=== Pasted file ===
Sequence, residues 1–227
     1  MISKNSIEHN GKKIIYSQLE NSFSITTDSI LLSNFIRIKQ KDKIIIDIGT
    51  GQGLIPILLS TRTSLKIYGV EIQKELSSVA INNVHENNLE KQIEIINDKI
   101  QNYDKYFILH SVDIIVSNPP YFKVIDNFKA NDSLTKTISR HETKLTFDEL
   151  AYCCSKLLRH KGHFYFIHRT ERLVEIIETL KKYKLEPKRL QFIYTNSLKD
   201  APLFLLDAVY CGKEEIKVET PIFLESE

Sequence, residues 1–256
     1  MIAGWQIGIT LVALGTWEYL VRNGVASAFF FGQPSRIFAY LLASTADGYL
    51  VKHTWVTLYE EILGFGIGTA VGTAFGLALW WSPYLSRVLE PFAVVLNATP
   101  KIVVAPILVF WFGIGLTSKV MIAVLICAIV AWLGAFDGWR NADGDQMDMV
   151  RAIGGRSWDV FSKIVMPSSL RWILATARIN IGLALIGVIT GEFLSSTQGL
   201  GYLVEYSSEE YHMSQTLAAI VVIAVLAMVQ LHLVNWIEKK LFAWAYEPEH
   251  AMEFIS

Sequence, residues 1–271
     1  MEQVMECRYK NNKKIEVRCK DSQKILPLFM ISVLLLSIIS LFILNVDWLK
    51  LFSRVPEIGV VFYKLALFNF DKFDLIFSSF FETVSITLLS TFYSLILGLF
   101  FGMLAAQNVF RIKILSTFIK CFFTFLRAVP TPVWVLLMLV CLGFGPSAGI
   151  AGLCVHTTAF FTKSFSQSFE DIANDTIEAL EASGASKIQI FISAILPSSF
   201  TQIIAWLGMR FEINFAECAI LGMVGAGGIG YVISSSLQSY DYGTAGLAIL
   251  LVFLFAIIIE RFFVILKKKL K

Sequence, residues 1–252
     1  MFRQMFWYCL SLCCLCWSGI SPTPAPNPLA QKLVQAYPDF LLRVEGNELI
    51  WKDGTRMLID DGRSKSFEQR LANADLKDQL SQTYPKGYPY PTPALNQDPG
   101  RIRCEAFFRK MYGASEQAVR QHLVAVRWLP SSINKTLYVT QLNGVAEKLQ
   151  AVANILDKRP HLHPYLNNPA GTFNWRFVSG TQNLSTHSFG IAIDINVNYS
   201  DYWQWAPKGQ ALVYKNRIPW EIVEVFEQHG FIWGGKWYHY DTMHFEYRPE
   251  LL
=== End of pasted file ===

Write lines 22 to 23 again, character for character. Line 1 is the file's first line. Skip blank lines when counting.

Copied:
     1  MFRQMFWYCL SLCCLCWSGI SPTPAPNPLA QKLVQAYPDF LLRVEGNELI
    51  WKDGTRMLID DGRSKSFEQR LANADLKDQL SQTYPKGYPY PTPALNQDPG